Upper Limiting

I was talking with my business coach earlier this week about the downside of success, the limiting beliefs I have. 

I'm smack-dab in the middle of launching my 4-week online course and things have been in flow, I've been getting sign-ups and it hasn't felt effortful. 

And then suddenly things started to come to a crawl. Two days went by and no one purchased. A bunch of people unsubscribed from my newsletter list.

My energy tanked and I didn't feel satisfied in my work, even though I was taking action. 

She asked if this had ever happened before. Of course. Of course. 

I shared with her that I've been working on and exploring my belief that tells me that having self-sufficiency/success means that I will lose support and there will be no one there to help me and I won't be able to take care of myself. Connected to that is the belief that if I am successful, I won't be healthy. Whether it's working too hard or to much to allow me to meet my movement needs or see the practitioners I want, I'm not exactly sure. Fears about stress are definitely part of the mix. I KNOW how stress impacts me. And it ain't pretty.

So how could I allow myself to be successful if it means I'm going to stop being healthy? I feel tender even now as I write this.

Today I realized the inverse is also true.

How can I allow myself to be truly healthy if it means I'm going to prevent myself from being successful (which for me has a lot of connection with speaking my truth in the world)?

It's a bit of a double bind. I need to pay the bills, I want to travel and allow my husband to work less. There are so many people I know I can help. I am itching to move across the country. I have a long list of people I like to receive support from whom I PAY. I have stories to tell...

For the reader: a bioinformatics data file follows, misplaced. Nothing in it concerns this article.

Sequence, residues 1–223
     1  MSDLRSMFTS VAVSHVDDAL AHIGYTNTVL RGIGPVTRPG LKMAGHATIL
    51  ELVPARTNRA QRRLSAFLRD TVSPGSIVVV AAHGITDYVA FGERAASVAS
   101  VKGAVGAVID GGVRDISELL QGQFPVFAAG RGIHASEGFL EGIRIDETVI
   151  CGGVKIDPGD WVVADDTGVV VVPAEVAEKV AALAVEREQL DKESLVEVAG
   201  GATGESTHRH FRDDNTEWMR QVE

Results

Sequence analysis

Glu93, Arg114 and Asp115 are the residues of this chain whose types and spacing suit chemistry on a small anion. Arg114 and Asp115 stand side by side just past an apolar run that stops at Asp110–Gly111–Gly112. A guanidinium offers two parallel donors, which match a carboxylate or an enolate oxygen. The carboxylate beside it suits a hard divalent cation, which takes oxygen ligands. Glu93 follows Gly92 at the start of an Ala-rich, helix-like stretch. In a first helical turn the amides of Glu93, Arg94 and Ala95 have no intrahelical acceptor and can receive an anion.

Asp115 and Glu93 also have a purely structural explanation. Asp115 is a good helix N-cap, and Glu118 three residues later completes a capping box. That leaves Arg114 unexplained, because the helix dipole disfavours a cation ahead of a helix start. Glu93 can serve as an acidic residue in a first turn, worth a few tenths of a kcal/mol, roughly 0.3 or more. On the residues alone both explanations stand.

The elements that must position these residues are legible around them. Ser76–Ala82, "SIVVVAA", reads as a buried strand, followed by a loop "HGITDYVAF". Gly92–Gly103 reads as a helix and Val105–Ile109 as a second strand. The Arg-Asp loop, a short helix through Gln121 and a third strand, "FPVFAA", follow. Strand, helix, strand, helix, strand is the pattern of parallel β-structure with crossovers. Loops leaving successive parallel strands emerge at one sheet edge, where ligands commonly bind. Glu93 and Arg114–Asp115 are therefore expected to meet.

And I also really, deeply desire whole-self health. 

I've seen this with clients, too. Clients who come so far, who make so many commitments, who start to really see improvements. And then who stop. Freeze up. Begin to mysteriously hurt again.

It's like we've run into their upper limit of health. If they get healthier, something "bad" is going to happen. 

Clearly, I get it. 

Has this happened to you? You travel down a path toward health over and over again only to get stopped at about the same place you got stopped last time?

It's hard, isn't it?

I wonder how it would feel to give yourself some empathy for this. To recognize that some part of you is working to keep you safe, to take good care of you. To prevent you from stepping off a seemingly dangerous ledge. It may be an old part and it may not be very useful to you now, but the intentions are good. 

Can you identify your limiting belief(s)? Name them? 

I find that pulling things out of the darkness is most of the work.

And then when you've seen them, taken a look at them, can you come up with examples of how that might not be true? Times when you've been healthy and x, y, or z hasn't happened? Times when you've pursued your health goals fully and were also able to have the other things that matter to you?

If you can't find examples in your own life, what about in the life of someone else?